The constant inability and refusal of the Minister and his officials to engage with people on the other side of the argument from the side that he happens to prefer is an indictment of their democratic credentials. The Minister has to listen to people and let them contribute. When consultation is carried out, it has to be done in a broad and generous way. As it is, members of the public are feeling discouraged from engaging with the review. That is not acceptable; there is a lack of clarity and I ask the Acting Leader to relay to the Minister my view and hope that he will address this and clarify that free-form submissions will be accepted in the conducting of this review process.
I join with others in sending my commiserations and condolences to the family of the late Senator Dermot Fitzpatrick and to our colleague, Senator Mary Fitzpatrick. It is sad news.
Along with others, I regularly raise University Hospital Limerick. The figures continue to be frightening, with 100 patients on trolleys yesterday. We are looking at our worst ever March. The worst March ever was last year with 1,059 patients on trolleys but so far in March, with another week to go, it is already at 1,245. These are real people lying on trolleys for 24 hours at a time, sometimes in the worst of circumstances. The pressure on the staff and patients is horrific. We urgently need a specific debate on University Hospital Limerick because this has been going on for years and each year it gets worse, not better. We need to see radical change at the top in University Hospital Limerick. I ask for an urgent debate on that matter.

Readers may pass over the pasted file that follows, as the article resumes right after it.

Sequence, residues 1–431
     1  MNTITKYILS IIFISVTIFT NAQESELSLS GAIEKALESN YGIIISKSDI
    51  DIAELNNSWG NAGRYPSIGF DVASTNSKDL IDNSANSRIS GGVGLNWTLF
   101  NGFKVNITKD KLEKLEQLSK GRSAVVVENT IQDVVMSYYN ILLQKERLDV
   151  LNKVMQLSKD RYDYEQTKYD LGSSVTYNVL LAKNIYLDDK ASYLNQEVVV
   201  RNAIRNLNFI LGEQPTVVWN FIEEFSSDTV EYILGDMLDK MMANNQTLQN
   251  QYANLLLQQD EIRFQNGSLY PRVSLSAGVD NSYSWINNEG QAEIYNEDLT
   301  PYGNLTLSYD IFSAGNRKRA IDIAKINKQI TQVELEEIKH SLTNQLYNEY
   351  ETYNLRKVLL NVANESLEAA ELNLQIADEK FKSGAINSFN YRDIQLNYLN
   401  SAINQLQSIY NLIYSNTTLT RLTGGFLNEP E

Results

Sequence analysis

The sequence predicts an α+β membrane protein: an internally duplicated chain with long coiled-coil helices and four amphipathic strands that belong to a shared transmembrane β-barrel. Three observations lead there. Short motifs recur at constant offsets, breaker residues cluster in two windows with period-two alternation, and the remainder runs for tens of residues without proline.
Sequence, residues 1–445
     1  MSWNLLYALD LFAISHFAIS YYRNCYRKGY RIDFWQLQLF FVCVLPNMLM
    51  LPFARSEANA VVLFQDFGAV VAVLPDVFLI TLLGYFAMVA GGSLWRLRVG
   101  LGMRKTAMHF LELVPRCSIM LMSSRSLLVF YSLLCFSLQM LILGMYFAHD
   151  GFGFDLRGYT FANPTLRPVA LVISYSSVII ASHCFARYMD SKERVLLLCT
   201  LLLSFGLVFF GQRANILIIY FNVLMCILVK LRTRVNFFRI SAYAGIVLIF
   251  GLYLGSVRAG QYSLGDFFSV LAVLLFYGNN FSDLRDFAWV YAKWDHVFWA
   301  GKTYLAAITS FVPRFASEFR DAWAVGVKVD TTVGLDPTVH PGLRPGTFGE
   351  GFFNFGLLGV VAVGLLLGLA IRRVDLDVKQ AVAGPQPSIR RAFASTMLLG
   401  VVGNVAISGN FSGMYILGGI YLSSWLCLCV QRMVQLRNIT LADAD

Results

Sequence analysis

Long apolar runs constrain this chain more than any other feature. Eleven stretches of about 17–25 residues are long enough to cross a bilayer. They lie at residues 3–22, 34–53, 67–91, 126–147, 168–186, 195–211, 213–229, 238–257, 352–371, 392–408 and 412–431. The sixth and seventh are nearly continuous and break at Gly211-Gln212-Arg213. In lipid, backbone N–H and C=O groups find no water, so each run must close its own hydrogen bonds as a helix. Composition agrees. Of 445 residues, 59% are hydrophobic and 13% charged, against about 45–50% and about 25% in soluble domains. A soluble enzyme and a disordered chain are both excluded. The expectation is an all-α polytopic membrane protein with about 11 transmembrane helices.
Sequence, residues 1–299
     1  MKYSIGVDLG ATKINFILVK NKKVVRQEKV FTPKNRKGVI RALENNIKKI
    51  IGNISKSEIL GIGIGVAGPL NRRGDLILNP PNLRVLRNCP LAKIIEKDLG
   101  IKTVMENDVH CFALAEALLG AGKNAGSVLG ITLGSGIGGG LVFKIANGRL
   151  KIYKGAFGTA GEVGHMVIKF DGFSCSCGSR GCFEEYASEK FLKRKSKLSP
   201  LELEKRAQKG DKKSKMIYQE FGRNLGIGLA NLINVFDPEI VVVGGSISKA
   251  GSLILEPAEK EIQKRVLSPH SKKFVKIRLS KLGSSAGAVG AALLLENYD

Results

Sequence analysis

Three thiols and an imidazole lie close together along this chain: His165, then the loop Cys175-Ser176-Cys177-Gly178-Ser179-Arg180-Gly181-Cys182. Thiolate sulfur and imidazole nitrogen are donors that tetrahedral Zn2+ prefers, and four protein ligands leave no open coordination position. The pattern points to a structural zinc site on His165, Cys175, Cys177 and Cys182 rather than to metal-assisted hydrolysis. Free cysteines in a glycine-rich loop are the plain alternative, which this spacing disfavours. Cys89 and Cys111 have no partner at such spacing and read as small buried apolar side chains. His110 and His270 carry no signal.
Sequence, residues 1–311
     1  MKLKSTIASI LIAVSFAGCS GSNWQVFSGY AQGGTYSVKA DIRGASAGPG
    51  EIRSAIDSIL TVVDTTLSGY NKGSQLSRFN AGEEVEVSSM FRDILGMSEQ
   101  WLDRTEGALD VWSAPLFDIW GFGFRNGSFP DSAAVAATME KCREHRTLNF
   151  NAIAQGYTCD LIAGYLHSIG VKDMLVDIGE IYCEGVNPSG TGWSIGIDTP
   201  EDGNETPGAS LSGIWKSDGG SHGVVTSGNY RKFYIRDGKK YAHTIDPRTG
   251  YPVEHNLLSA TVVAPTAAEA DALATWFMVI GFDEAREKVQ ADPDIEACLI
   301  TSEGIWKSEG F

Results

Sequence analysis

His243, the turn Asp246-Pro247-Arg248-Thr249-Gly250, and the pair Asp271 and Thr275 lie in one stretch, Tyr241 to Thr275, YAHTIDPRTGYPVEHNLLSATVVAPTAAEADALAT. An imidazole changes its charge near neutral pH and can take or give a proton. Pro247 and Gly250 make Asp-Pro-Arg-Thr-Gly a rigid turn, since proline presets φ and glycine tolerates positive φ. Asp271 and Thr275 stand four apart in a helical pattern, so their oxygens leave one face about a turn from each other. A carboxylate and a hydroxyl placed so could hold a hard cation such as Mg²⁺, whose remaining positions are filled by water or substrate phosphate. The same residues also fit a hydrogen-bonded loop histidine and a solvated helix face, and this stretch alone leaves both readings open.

I was genuinely shocked yesterday. I raised a Commencement matter on the awful war that Saudi Arabia and the United Arab Emirates have been waging on Yemen for the last seven years. Some 400,000 Yemenis have been murdered in the course of this war. I raised it with the Minister of State who came in for the Commencement and I was shocked because in his response there was not one word of condemnation of Saudi Arabia. I then went back to look at other responses in recent years and I discovered that on no occasion has a Minister for Foreign Affairs, including the current Minister, been willing to say one word in condemnation of Saudi Arabia. I remind the Acting Chairperson that this is a regime that beheads gay people and tortures people as a matter of course. It brutalises women and in the words of Hillary Clinton it provides "clandestine, financial and logistic support" to terrorists. This is a regime that chopped a journalist into pieces in a foreign embassy and incinerated Yemeni children travelling on a school bus on their way back from a picnic. The war in Yemen dwarfs the horrors that we are watching happen to the poor people in Ukraine; that is how bad it is. A minimum of 10,000 children have been murdered and yet this Government does not have one word to say about it. It is worse than that because two weeks ago the Government sent a Fianna Fáil Minister out there to tout for more business. He was out there touting for business a few days before Saudi Arabia executed 81 people in one day. I ask the Acting Leader to tell me where this Government’s stance on human rights in Yemen is. As she has the opportunity to do so, will the Acting Leader clearly condemn the Saudi dictatorship for the ongoing horrors and murders inflicted on the Yemeni people?